King David, the “sweet singer of Israel,” reigned over Israel for nearly 40 years, from 1000 B.C. to 962 B.C. David’s greatness as a leader was forecast years prior to his kingship, as a young shepherd who, beyond all odds, defeated the towering Philistine warrior Goliath. However, the road to David's reign as ruler was not easy, as a young David fled for his life from a jealous King Saul. He eventually came back to Israel after Saul’s death in battle against the Philistines to become Israel's anointed king.
Unification of Israel
King David was able to accomplish something that remained elusive to King Saul: unify Israel. Previous to David’s kingship, Israeli tribes had been held together as a loose confederacy, but as recounted in 2 Samuels, tribe elders -- who held great esteem for David -- came together and chose David as their leader: “When all the elders of Israel had come to King David at Hebron, the king made a covenant with them at Hebron before the Lord, and they anointed David king over Israel.”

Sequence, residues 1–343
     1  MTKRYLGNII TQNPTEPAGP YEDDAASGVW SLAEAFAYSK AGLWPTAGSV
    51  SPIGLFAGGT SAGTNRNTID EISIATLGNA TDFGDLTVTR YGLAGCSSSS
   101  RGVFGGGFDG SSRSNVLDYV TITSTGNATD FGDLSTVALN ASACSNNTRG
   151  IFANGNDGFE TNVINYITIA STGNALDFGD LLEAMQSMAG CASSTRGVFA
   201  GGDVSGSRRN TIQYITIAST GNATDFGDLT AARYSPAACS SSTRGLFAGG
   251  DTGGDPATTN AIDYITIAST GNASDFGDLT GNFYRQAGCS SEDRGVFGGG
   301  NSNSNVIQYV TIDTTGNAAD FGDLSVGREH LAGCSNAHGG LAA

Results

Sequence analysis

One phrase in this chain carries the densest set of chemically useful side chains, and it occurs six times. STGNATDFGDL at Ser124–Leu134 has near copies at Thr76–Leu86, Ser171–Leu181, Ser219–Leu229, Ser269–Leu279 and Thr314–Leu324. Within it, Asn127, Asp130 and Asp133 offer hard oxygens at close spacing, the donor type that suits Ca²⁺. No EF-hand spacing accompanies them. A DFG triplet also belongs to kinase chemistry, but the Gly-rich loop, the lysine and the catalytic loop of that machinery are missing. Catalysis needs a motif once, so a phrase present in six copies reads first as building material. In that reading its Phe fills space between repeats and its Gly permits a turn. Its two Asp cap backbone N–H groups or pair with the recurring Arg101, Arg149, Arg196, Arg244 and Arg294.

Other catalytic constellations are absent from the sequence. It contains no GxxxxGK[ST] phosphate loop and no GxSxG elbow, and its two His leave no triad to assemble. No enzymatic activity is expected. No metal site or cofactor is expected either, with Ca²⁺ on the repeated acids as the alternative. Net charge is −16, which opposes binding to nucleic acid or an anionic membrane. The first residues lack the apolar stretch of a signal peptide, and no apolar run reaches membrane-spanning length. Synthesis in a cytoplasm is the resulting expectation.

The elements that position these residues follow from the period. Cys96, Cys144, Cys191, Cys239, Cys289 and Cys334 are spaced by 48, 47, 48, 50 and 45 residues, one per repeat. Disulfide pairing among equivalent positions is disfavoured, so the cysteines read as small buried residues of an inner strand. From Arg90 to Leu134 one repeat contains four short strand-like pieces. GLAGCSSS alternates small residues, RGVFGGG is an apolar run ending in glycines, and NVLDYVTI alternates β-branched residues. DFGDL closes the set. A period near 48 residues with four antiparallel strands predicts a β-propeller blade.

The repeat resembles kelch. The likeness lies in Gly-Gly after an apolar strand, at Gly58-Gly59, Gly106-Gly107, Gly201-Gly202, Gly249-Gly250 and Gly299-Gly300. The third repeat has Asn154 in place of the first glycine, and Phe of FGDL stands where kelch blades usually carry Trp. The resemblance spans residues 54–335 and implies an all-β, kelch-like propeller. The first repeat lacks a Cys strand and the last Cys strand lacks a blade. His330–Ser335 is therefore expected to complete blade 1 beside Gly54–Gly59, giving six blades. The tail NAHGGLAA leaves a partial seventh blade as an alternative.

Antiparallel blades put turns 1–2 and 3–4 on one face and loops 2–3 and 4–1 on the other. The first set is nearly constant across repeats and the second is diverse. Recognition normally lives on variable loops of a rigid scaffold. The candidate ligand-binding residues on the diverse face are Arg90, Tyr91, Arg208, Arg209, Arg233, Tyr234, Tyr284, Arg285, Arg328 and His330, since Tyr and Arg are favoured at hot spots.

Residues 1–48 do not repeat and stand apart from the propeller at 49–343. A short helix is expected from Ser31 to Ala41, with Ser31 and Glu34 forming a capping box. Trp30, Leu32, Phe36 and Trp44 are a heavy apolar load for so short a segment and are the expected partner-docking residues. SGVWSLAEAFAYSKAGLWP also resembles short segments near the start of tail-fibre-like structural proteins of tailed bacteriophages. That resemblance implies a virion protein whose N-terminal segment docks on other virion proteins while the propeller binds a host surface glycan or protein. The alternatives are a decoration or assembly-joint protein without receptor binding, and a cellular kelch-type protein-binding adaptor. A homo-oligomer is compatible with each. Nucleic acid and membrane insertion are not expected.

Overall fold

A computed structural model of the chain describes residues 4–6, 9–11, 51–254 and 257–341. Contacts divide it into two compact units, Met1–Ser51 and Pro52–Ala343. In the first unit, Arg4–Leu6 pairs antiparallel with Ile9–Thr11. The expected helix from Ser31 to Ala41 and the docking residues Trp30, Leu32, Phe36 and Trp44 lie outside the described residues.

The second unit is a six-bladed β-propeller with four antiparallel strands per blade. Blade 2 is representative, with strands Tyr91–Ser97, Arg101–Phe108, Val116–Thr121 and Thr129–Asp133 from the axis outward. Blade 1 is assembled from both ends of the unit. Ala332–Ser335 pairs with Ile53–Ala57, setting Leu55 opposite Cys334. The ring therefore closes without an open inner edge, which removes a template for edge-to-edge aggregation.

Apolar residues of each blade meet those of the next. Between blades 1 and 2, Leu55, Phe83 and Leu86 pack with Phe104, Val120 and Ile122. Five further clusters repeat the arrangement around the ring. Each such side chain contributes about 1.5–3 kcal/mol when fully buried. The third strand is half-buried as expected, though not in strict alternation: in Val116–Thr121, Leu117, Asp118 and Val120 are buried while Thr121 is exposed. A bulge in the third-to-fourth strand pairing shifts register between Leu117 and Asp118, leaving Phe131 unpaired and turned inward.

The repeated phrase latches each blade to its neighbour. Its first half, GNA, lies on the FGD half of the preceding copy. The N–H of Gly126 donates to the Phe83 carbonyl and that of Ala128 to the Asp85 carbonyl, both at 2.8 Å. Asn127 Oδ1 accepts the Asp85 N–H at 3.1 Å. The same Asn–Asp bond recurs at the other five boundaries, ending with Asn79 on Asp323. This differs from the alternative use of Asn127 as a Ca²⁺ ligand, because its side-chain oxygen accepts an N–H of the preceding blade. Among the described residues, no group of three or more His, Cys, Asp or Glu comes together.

Although David was anointed king in Hebron (2 Samuels 5:3), he established the walled city of Jerusalem as the capital of his kingdom. It was one of David’s greatest accomplishments as king and one of the first actions he took as ruler of Israel. To this day, Jerusalem remains Israel’s most sacred and holy city. Prior to the capturing of Jerusalem, the Hebrew Bible, which also refers to Jerusalem as “Jebus,” describes the city as a strong fortress occupied by a Canaanite tribe, the Jebusites (Judges 1:21).
Although it is King David’s son, Solomon, who builds Israel’s first temple, King David brings the “ark of God,” or the Ark of the Covenant -- a wooden chest holding the original two tablets of Jewish law -- to Jerusalem, which David established as the capital of Israel. This sets the foundation for the building of Israel’s first temple in Jerusalem, as a single Jewish place of worship becomes recognized and established in Israel’s capital. Under David, Jerusalem would not only become the political capital of Israel, but also its religious center.
Not only did King David successfully rule over a unified Israel, but his reign also established a powerful dynasty, whereby his offspring would be blessed: “Your house and your kingdom will endure forever before me; your throne will be established forever.” (2 Saul 7:16) Within Judaic tradition, it is believed that the messiah or the “anointed” one, would descend from David’s bloodline and that within the Davidic line, the messiah would restore and rebuild Israel.